Google scholar profile

Books

Krause, Jana. 2018. Resilient Communities: Non-Violence and Civilian Agency in Communal War. Cambridge University Press.

  • 2019 Book Prize Winner: Lee Ann Fujii Award for Innovation in the Interpretive Study of Political Violence, Interpretive Methodologies and Methods (IMM) Conference Group of the American Political Science Association, sponsored by Routledge/Taylor & Francis Group
  • 2019 Book Prize Runner-Up: Conflict Research Society Book of the Year Award
  • Related policy brief: Women, Peace and Security: Prevention and Resolution of Communal Conflicts

Krause, Jana, Juan Masullo, Emily Paddon Rhoads and Jennifer Welsh (eds). Civilian Protective Agency in Violent Settings. Under contract with Oxford University Press.

 

Articles

Krause, Jana and Erin Kamler. 2022. Ceasefires and Civilian Protection Monitoring in Myanmar. Global Studies Quarterly 2:1, 1-12.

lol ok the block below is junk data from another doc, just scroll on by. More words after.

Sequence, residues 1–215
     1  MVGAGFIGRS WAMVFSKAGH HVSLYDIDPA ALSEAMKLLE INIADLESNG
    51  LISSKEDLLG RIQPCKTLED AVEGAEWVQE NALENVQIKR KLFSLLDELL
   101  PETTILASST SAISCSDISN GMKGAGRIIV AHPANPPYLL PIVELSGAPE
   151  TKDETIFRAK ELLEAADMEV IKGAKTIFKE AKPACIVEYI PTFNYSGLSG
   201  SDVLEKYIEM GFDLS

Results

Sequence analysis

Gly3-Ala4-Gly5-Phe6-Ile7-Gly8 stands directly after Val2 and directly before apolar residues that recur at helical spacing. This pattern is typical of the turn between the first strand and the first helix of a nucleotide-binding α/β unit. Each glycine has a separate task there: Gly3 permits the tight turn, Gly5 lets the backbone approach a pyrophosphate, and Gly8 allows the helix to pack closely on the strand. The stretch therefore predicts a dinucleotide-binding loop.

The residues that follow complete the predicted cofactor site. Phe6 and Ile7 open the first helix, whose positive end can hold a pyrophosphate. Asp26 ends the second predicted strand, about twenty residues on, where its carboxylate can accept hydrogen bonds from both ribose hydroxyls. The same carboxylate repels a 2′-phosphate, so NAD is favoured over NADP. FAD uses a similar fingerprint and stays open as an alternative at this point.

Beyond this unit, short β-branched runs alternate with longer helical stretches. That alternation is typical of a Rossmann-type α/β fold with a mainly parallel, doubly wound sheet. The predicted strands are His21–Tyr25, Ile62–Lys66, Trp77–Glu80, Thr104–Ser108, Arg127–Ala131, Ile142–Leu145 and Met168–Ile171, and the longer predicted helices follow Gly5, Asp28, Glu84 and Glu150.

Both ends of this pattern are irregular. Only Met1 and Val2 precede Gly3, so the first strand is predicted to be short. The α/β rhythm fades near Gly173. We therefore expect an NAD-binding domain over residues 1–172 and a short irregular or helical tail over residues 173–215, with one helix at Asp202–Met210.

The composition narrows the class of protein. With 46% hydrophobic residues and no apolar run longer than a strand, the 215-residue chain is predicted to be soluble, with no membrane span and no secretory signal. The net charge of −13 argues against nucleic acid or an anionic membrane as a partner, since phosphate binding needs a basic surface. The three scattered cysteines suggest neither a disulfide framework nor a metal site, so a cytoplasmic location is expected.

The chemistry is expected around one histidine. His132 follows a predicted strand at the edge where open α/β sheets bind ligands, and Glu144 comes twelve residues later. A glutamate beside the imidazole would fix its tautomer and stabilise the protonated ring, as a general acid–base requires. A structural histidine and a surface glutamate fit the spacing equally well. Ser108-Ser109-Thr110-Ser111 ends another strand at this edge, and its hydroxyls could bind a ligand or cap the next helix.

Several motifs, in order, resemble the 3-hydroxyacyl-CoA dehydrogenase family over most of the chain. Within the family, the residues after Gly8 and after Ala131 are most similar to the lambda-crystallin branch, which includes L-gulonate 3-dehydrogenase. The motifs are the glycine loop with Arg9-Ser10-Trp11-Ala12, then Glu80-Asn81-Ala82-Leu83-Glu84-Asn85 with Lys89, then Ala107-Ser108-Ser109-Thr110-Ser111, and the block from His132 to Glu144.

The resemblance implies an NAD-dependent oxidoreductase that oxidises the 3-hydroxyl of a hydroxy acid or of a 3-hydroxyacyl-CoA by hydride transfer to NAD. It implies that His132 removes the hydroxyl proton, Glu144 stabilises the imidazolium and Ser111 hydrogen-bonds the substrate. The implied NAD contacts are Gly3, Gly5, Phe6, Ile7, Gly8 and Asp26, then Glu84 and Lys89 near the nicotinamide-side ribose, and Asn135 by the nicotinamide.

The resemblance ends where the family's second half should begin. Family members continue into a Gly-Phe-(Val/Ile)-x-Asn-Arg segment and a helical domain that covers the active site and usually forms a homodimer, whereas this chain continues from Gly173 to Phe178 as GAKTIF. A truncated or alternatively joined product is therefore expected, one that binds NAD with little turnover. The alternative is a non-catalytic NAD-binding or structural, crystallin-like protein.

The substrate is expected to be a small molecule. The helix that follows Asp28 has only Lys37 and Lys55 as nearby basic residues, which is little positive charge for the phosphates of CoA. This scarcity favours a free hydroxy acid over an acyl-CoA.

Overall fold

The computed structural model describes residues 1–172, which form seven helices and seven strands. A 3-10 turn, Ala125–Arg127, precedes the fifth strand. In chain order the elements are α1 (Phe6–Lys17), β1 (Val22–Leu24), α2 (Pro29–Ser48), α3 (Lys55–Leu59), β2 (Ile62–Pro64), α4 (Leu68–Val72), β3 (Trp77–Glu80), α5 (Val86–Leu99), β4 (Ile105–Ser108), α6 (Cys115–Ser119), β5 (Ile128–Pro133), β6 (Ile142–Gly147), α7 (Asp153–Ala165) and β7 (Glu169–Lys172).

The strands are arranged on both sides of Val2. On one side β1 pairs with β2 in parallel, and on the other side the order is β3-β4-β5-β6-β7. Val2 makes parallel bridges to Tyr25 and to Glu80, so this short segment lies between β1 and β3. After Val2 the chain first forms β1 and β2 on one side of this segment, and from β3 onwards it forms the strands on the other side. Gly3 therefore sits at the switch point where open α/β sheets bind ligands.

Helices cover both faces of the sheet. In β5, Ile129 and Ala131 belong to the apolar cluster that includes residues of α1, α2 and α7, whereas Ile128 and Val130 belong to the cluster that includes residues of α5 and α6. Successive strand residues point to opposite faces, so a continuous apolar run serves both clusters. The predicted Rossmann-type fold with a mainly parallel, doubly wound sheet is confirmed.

Civilian ceasefire and civilian protection monitoring are often seen as innovative peacekeeping and protection mechanisms in conflict zones difficult to access for international actors. However, the literature on civilian monitoring and its impact is sparse. In many conflicts, civilians organize to protect themselves. Research into civilian agency and protection has shown that civilian capacity to self-protect and conflict conditions determine whether protective civilian agency can be effective. We analyze whether civilian protection monitoring can positively impact the protection of civilians, focusing on Myanmar, where donors have funded civilian ceasefire monitoring efforts that are inclusive of a strong civilian protection component. We argue that despite failed ceasefires in Myanmar, the nurturing of civilian monitoring networks, that is, supporting civilian capacity, had a positive— albeit limited—impact on civilian protection. Monitors adapted knowledge from international ceasefire monitoring trainings to their reality on the ground and implemented civilian protection monitoring. Yet, conflict conditions seriously limited protec- tion monitoring and posed grave security challenges to monitors and communities. We conclude that in conflict situations where armed actors show little sensitivity to civilian preferences and commitment to respecting human rights, the need for civilian protection is high while the protective potential of civilian monitoring is limited as long as armed groups’ incentives to better protect civilians remain weak.